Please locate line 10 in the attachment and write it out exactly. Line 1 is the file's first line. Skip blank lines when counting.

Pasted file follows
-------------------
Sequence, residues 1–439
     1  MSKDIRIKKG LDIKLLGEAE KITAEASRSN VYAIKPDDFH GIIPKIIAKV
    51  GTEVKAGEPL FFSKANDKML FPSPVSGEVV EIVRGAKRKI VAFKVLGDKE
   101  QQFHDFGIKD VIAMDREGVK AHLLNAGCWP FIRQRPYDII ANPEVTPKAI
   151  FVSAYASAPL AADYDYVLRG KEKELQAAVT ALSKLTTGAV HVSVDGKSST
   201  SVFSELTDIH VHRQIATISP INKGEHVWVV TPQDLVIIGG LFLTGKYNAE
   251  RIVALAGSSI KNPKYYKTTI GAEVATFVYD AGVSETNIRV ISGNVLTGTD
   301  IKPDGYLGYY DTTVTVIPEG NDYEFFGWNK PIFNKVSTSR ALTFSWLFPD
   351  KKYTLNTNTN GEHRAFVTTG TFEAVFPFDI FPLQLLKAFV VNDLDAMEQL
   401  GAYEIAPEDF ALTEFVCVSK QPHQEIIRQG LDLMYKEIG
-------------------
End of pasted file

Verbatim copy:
   401  GAYEIAPEDF ALTEFVCVSK QPHQEIIRQG LDLMYKEIG